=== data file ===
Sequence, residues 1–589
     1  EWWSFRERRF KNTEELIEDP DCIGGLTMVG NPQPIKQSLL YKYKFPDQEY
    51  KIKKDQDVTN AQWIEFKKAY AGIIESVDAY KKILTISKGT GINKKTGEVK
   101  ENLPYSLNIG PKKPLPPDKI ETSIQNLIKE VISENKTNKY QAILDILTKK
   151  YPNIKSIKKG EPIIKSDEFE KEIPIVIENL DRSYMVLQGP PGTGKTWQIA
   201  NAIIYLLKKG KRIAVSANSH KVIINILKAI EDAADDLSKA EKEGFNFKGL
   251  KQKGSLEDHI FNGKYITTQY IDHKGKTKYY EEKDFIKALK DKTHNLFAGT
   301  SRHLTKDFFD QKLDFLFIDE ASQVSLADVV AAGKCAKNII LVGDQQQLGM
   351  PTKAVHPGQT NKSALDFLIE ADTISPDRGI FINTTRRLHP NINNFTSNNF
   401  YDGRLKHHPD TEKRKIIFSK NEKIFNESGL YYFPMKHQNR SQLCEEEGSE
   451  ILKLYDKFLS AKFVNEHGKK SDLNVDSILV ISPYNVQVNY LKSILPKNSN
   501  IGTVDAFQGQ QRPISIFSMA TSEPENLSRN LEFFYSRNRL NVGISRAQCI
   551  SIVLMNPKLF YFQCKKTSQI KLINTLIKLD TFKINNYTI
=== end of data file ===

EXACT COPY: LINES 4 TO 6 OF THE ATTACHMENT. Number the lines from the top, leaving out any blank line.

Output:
   101  ENLPYSLNIG PKKPLPPDKI ETSIQNLIKE VISENKTNKY QAILDILTKK
   151  YPNIKSIKKG EPIIKSDEFE KEIPIVIENL DRSYMVLQGP PGTGKTWQIA
   201  NAIIYLLKKG KRIAVSANSH KVIINILKAI EDAADDLSKA EKEGFNFKGL